A little more conversation
Stress is something that can affect everyone and anyone, at any point in your life. Admittedly some things are more likely to bring about stress, for example, creating your own business and trying to get it off the ground.
If you don’t look after yourself, your physical and mental health, then whatever you were aiming towards could become impossible, - and worst case scenario, irrelevant.
Again your stress level can be reflected based on which sector you work in, a recent Tech Inclusion and Diversity report compiled by BIMA, revealed people working in the tech sector face the same stress levels as those in the National Health Service and that as a sector, workers are five times more depressed than the national average.
And apologies for all the tech startups out there, this story doesn’t get much better. According to a study by Michael Freeman, entrepreneurs are 50% more likely to report having a mental health condition, with founders six times more likely to suffer from ADHD amongst other concerns. Elsewhere researchers from the University of California found that 72% of entrepreneurs surveyed self-reported mental health concerns.
Upping Your Elvis is a company that is all about energy. It aims to help people bring the right energy to play with in business, making every day easier and more impactful, so entrepreneurs can achieve more with their own talents.
Speaking to Chris Barez-Brown, Founder of Upping Your Elvis he said: “It is not hard to see why these alarming figures arise. Startups are often defined by an intensely driven culture, with small teams with multiple roles working long hours and a cyclical bout of immense pressure to secure funding. Work-life balance is often just a myth.”
Talking to survive
He continued: “Without a proactive attempt to try and address these concerns, startups and the founders and employees within them face massive issues. Not least of which is the survival of the company itself - according to Noam Wasserman, 65% of failed startups, fail for avoidable reasons like co-founder conflict.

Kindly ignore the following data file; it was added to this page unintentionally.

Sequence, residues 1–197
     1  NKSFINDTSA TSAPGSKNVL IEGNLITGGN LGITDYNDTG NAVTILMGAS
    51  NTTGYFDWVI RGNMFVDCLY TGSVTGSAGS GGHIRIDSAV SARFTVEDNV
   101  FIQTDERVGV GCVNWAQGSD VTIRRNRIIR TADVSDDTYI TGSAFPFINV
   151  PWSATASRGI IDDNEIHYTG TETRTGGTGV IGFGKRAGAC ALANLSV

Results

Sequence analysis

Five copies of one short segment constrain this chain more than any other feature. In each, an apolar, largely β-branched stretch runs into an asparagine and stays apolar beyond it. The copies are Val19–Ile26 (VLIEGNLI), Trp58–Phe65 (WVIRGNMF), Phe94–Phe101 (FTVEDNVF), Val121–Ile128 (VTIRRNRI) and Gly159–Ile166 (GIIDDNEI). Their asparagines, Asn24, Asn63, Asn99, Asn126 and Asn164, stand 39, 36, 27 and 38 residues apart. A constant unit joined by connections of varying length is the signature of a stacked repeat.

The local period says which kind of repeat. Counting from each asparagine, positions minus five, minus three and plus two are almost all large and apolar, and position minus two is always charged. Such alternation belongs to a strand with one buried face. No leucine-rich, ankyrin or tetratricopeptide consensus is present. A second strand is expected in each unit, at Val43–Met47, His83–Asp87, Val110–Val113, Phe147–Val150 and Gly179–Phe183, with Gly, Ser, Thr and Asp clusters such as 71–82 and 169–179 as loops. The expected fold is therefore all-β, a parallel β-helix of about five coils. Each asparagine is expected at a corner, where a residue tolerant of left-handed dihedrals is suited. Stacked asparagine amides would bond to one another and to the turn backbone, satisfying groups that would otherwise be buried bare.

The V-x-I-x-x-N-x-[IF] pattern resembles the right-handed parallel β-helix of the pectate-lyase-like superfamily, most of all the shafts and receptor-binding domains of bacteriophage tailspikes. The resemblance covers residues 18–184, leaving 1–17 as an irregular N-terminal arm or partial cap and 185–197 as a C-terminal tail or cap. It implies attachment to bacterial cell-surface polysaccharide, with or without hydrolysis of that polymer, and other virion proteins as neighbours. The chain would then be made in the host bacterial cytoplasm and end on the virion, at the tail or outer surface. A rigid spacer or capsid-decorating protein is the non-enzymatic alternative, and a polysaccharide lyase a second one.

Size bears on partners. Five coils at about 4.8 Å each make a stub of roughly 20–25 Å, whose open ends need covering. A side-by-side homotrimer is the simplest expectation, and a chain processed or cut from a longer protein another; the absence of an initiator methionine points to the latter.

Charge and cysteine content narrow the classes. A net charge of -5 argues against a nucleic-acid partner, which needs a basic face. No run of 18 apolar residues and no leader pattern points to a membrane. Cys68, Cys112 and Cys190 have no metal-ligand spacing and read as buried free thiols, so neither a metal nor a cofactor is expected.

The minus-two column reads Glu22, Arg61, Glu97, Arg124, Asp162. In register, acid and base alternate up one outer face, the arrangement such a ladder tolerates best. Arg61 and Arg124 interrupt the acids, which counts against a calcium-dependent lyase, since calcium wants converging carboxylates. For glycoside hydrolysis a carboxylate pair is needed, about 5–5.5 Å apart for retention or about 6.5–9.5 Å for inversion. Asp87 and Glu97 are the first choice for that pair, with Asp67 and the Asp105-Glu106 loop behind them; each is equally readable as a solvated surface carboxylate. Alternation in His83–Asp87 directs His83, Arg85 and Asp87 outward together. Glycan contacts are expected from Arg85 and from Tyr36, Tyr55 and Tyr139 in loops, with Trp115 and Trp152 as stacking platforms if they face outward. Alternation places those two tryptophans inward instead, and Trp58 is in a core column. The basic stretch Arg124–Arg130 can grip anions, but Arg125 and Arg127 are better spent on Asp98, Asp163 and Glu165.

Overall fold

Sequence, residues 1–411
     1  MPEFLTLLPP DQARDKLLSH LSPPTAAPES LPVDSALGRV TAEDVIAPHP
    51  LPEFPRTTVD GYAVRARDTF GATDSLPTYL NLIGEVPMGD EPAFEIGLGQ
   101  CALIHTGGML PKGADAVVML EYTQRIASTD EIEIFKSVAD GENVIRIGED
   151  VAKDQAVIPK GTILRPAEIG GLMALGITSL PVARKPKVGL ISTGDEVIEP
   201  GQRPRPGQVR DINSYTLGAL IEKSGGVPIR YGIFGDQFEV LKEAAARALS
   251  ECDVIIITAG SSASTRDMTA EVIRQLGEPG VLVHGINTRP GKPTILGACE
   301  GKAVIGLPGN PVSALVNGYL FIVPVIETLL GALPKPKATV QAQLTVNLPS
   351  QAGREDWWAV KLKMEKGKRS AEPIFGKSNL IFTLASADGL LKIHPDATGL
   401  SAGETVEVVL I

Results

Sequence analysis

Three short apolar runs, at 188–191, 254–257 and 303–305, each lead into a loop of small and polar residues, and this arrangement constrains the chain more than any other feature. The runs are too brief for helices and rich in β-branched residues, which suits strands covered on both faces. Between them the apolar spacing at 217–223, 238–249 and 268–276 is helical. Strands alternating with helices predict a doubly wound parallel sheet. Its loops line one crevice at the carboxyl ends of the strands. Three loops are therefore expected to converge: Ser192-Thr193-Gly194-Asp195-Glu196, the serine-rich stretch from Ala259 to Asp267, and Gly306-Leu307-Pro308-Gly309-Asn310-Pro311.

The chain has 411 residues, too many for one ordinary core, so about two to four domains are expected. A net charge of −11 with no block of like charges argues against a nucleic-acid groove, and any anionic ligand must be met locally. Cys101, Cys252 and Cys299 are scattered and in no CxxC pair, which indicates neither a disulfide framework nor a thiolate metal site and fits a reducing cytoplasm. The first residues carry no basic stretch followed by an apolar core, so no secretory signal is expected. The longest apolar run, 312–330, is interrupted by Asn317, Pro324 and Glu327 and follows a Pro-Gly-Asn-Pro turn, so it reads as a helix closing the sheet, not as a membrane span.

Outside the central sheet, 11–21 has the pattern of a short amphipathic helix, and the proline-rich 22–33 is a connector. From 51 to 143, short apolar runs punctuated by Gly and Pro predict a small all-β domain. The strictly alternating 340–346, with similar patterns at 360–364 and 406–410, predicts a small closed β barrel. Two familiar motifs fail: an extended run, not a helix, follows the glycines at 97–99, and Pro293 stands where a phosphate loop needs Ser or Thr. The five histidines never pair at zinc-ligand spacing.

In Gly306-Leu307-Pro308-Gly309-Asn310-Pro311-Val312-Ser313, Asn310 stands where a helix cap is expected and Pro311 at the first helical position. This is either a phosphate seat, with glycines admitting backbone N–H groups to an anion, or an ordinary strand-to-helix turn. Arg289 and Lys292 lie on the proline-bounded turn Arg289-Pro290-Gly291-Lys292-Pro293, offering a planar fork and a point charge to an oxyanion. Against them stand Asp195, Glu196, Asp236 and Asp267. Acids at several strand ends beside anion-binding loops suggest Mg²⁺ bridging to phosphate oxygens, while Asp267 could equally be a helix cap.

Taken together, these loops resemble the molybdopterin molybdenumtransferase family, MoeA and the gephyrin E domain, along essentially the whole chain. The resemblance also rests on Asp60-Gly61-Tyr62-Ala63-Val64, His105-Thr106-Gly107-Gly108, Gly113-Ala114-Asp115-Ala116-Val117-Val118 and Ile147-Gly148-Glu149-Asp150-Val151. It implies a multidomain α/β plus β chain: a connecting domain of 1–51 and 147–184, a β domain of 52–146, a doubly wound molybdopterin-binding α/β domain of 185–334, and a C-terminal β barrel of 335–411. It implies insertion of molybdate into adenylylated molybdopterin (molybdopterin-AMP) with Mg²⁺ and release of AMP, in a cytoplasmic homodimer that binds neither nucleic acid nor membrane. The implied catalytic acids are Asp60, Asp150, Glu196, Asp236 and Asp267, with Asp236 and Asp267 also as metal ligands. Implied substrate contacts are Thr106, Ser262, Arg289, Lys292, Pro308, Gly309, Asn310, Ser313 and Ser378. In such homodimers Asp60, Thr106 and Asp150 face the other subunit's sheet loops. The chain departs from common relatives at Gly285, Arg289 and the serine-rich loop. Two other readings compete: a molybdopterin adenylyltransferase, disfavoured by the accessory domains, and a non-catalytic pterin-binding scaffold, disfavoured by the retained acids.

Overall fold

“Our approach to helping balance out these pressures and bring some clarity to people who are struggling to find it is the launch of our free social enterprise tool ‘Talk it Out’. Talk it Out is a human, simple way to develop positive mental wellbeing.
“Comprised of a quick ‘warm up’, followed by 20 minutes of walking and talking with a partner, then swapping over so that both participants get a chance to participate in uncensored discussions about issues concerning them, Talk It Out can be done anywhere at any time. Creativity has been shown to spike by 60% when we walk and the experience of talking continuously for 20 minutes while walking briskly enables people to process subconscious concerns.
“All you need is a buddy and a place to meet where you can go for a walk, and in just 60 minutes you can both gain a clearer perspective on a given issue. Talk It Out began as a personal tool, but it applies just as well to business matters.”
Barez-Brown added: “Either way, 85% of Talk It Out beta testers reported improved mental wellbeing afterwards and would repeat it, according to new study by Bristol University.”
Concluding Barez-Brown said: “Whilst we are not saying a tool like Talk It Out can cure all ills, it can be a place to start. Sanctus founder James Routledge was one of the first people to identify the specific strains that technology entrepreneurs face. His 2016 blog was a genuine watershed moment for the industry. And his mission today is to create spaces for people to TALK about mental health. Because whilst talking is not a panacea, it is imperative if we are going to move the needle on mental health in the startup community.”